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  1. Spotlight on Policy
13 April 2022

Calorie counts are not the answer to obesity

Such a blunt approach will do more harm than good.

By Wera Hobhouse

Since last week, large food businesses in England have been required to display calorie information on their menus. The move comes as part of the government’s new obesity strategy — an effort to improve the nation’s health in response to studies linking obesity to an increased risk of hospitalisation from Covid-19.

Few would oppose the aim of tackling obesity rates. The 2019 Health Survey estimated that 28 per cent of adults in England were obese and a further 36 per cent were overweight. Obesity is linked to a number of serious health problems, including strokes, high blood pressure and diabetes.

On the surface, calorie labelling seems to make sense. People are encouraged to make better informed, healthier choices. In turn, restaurants are incentivised to provide healthier options. But in practice, calorie labelling simply does not work. It may even do more harm than good.

Calories are merely a unit of energy. They do not indicate nutrients, proteins, healthy fats and so on. A low-calorie meal does not necessarily mean a healthier choice.

Worse still, reducing food to a calorie number overlooks the complex relationship that many people have with food. Multiple studies have found that calorie tracking causes significantly higher levels of dietary constraint and eating concerns. A survey conducted in the US found that 73 per cent of respondents with eating disorders suggested that tracking their calories had contributed to their disorder.

Beat, the UK’s eating disorder charity, has warned that calorie counts on menus could cause great distress for people suffering from or vulnerable to eating disorders. Something as simple as going for a meal with friends or family becomes humiliating or even scary.

Specialists and survivors alike add that eating in a restaurant can play a large part in recovering from an eating disorder. It is a way for someone to learn to let go of their anxieties and challenge their eating disorder.

When the obesity strategy was announced, I was inundated with emails from constituents — some who had experienced an eating disorder themselves, some who had seen their loved ones suffer. One told me they would feel “compelled” to read calorie labels, another that they nearly cried when they heard the announcement. All of them feared that calorie labelling could reduce sufferers’ chances of recovery or, worse, cause a relapse.

Roughly 1.25 million people in the UK suffer from an eating disorder. As it stands, less than half of people fully recover, and recovery takes three times as long as having the disorder itself. These debilitating illnesses can seriously damage a person’s self-image, their relationships and their social life.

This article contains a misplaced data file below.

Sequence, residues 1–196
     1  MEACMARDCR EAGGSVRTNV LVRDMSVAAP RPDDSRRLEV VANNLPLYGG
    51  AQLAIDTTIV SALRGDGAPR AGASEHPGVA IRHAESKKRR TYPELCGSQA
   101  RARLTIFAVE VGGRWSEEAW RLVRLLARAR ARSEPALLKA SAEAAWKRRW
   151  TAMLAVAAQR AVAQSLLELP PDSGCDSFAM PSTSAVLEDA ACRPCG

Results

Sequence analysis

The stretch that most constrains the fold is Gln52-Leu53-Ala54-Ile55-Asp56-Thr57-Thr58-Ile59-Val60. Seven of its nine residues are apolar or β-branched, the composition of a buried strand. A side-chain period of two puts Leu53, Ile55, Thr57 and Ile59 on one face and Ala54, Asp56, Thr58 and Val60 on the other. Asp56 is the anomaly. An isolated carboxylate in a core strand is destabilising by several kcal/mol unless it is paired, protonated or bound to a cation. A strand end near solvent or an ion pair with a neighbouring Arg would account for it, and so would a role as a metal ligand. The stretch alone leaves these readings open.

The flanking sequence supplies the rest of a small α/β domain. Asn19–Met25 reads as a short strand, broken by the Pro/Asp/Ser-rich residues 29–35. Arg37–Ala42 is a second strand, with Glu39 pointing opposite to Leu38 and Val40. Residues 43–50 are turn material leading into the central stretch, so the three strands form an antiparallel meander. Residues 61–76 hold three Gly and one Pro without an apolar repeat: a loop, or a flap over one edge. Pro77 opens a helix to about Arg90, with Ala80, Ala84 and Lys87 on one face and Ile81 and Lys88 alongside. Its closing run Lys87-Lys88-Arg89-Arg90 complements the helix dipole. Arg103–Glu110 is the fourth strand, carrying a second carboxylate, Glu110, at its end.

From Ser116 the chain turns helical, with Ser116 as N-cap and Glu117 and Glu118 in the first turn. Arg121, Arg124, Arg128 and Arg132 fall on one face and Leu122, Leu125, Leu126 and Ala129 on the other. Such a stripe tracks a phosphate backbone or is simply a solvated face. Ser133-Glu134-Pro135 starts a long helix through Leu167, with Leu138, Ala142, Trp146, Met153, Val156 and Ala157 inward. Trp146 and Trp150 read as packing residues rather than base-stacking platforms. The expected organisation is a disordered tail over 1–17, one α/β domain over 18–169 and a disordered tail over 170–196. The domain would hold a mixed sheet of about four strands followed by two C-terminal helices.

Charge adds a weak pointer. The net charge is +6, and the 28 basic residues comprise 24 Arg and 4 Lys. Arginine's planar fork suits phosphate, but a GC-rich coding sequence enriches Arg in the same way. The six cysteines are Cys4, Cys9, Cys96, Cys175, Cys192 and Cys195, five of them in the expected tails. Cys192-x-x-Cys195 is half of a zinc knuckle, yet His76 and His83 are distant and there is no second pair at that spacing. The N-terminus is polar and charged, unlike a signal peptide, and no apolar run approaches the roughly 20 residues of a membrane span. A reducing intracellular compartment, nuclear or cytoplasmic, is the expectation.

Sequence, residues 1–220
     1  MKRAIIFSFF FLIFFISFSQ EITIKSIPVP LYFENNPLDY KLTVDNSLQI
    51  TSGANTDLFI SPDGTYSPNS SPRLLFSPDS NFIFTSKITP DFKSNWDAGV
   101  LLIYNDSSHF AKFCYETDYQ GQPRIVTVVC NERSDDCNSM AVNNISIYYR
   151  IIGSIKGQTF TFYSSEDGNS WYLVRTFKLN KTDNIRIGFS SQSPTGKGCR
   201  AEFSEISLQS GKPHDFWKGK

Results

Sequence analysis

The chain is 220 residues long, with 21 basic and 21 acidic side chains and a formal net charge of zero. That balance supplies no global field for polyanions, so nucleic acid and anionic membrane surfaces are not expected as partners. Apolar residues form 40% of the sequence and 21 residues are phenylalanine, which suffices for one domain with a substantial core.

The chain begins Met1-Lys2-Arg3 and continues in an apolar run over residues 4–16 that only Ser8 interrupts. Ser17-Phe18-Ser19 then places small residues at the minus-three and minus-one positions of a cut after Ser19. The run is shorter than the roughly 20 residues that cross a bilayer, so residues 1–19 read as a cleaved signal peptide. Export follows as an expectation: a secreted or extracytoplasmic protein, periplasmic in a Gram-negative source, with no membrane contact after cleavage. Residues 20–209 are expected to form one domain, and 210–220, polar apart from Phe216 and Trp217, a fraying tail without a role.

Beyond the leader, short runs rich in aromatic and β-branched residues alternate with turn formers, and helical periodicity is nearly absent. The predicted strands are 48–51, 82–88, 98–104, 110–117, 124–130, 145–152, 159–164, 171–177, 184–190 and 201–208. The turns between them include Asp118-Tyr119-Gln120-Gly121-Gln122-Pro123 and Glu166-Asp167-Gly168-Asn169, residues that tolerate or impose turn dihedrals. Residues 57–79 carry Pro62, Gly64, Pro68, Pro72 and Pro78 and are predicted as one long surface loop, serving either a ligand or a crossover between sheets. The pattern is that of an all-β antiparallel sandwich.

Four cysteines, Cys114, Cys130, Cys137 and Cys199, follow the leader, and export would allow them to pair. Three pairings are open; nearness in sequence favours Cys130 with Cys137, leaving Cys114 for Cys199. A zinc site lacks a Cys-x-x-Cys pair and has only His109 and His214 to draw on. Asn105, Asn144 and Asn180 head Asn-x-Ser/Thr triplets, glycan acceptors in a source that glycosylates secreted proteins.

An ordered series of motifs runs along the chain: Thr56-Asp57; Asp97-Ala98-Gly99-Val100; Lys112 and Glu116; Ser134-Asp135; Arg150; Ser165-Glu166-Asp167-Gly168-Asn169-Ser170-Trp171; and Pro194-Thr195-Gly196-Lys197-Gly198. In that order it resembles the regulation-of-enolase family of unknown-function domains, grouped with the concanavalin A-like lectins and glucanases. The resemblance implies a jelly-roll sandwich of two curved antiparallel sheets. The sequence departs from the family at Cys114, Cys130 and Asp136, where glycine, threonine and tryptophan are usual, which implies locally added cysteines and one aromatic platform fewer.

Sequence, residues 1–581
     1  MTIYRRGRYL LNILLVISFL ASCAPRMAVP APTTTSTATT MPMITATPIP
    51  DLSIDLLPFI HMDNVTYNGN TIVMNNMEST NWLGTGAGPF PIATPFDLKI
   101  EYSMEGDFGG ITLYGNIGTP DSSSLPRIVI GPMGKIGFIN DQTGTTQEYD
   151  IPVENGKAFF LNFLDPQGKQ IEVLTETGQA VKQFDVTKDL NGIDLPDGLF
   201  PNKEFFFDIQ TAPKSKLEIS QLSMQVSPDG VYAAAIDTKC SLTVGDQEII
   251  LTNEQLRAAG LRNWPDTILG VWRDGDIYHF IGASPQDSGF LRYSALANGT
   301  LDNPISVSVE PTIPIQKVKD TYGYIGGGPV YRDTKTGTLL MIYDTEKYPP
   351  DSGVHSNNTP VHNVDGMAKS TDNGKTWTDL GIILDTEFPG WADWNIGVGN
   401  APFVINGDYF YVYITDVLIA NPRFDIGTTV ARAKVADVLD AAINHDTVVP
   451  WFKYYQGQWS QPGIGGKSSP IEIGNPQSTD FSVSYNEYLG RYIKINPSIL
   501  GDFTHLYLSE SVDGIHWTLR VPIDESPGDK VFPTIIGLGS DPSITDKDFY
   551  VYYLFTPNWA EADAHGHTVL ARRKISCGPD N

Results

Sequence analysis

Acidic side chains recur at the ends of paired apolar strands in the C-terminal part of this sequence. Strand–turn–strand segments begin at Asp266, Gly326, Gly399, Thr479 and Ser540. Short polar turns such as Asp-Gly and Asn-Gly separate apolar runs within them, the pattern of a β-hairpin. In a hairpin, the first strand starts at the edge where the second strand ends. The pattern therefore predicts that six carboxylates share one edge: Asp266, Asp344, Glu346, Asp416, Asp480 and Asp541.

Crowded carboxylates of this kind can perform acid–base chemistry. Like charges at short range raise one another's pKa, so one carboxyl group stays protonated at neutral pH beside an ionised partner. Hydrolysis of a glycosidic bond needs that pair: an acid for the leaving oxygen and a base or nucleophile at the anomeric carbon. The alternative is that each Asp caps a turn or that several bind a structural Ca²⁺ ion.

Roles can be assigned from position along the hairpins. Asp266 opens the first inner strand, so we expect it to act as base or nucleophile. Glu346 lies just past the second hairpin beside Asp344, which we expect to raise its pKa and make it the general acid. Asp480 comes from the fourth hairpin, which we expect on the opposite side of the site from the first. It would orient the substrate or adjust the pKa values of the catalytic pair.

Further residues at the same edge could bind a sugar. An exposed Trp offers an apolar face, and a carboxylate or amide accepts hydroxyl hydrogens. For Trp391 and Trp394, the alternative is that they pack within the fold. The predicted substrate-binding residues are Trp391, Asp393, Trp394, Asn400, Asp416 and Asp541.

Eating disorders have the highest mortality rate of any mental illnesses. And, while it is estimated that obesity costs the NHS £6.1bn each year, eating disorders cost the UK somewhere between £6.8bn to £8bn. We need a strategy that addresses the issue of obesity without creating another, equally costly problem.

Frustratingly, evidence of calorie labelling’s efficacy is “mixed and incomplete”, according to the British Medical Journal. A study in the US — where calorie labelling has been mandatory since 2018 — found only a small decrease in mean calories purchased per transaction. This reduction diminished over one year of follow-up.

It is also worth mentioning that many people with eating disorders also live with obesity. Up to 30 per cent of people seeking weight management services would meet the diagnostic criteria for binge eating disorder. Research shows that those suffering from binge eating disorders are in fact more likely to order food with significantly more calories when presented with this information. Failure to recognise this risks creating an obesity strategy which harms the very people it is trying to help.

So, what does an effective obesity strategy look like? Compassion should be the main driver. Rather than shaming people into choosing “healthier” options, the socioeconomic drivers of obesity need to be addressed. It is no coincidence that adult obesity is almost twice as prevalent in deprived areas, with the gap in child obesity following a similar pattern. It is not a question of “greediness”, as this legislation implies, but evidence of health inequalities.

Unless the government understands what leads people to make the choices they make around food, we cannot hope to tackle the problem. This means education around cooking and the nutritional value of food. Instead of praising restrictive eating, people should be supported with the knowledge and resources they need to improve their lifestyles.

The importance of body positivity cannot be overstated either. Many forms of disordered eating begin with insecurities about body image. People must be taught — whether through positive representation on television or as part of the school curriculum — that a healthy body takes many forms.

While this legislation remains in place, I implore everyone to look beyond these superficial numbers. Let’s be compassionate to ourselves and others when it comes to mealtimes.

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